The norman conquest of England

The conquest of England by the Normans began in 1066 with the battle of Hastings, where the English fought against the Normans. The conquest was complete in 1086.
Who were these Normans who conquered England?
They were Vikings or 'Norsemen', men from the North. Some 150 years before the conquest of England they came to a part of France, opposite England, a part which we now call Normandy.
What did the Norman Conquest do to England?
It gave it French kings and nobles. The Normans also brought with them the French language. After the Norman Conquest there were three languages in England. There was Latin, the language of the church and the language in which all learned men wrote and spoke; the kings wrote their laws in Latin for some time after the Conquest. Then there was French, the language which the kings and nobles spoke and which many people wrote. Finally, there was the English language which remained the language of the masses of the people. Some men might know all these languages; many knew two; but most of the people knew only one. There Were some people who understood the French language though they could not speak it. Rich people who owned land, the landowners, often knew French and Latin. But poor people, the peasants did not understand French or Latin. They understood only English.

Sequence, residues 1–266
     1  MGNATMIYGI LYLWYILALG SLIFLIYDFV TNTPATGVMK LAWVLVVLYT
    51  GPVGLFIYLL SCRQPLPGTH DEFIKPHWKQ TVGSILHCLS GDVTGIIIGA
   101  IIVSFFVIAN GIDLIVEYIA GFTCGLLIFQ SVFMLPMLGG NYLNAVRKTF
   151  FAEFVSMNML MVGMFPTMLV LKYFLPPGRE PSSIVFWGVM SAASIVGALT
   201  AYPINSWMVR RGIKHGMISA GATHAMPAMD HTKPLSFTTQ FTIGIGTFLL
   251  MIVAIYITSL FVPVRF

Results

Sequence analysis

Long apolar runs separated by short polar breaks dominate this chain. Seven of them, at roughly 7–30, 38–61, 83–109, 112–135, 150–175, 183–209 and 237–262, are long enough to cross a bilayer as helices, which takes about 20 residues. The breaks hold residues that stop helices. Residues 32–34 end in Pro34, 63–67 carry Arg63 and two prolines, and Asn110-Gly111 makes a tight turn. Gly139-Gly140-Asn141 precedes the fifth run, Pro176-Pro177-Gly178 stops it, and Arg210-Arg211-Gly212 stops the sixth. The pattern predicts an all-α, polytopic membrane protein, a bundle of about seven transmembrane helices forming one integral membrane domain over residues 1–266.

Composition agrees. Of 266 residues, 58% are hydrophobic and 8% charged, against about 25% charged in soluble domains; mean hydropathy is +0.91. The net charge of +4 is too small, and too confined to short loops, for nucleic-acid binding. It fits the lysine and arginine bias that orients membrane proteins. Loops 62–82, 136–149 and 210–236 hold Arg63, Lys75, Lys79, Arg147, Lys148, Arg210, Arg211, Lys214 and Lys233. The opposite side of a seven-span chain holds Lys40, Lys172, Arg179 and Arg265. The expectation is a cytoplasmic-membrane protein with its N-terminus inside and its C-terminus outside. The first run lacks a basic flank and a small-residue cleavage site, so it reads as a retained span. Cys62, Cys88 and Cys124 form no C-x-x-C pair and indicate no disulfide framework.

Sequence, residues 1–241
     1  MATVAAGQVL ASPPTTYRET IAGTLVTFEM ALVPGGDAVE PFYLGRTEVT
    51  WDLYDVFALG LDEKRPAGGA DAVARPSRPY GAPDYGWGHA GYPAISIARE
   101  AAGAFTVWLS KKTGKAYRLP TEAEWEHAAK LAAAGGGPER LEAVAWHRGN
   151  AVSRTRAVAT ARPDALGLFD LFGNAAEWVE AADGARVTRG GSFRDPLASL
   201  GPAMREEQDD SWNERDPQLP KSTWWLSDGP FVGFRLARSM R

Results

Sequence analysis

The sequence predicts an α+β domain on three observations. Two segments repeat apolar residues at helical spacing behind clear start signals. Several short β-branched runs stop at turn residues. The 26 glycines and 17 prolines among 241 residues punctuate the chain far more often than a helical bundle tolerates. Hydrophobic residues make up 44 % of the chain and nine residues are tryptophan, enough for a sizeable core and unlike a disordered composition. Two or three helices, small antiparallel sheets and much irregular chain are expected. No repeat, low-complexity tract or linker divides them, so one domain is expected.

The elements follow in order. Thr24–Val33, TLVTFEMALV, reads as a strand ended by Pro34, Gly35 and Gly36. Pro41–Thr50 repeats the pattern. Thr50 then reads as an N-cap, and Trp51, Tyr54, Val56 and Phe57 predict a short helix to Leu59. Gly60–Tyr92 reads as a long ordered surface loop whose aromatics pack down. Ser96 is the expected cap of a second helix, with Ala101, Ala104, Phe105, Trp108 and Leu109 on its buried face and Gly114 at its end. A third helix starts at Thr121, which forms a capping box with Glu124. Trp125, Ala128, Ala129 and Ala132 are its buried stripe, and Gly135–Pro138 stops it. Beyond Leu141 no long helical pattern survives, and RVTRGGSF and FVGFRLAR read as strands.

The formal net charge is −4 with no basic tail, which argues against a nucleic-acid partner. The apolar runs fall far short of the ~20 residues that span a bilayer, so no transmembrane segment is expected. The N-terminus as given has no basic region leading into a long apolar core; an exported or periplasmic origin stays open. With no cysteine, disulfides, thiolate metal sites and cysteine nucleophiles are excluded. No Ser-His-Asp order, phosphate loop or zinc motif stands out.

In time, however, came the general use of the English language. About 1350 English became the language of law; and at that time lived the first teacher who taught his boys to read and write English and to translate, not from Latin into French, but from Latin into English. Then between 1350 and 1400 lived Wyclif who made the first complete translation of the Bible into English, and Chaucer, 'the Father of English poetry'.
But the English language when it came into general use was not quite the same as it was before the Conquest. The grammar remained, but many words came into it from the French language.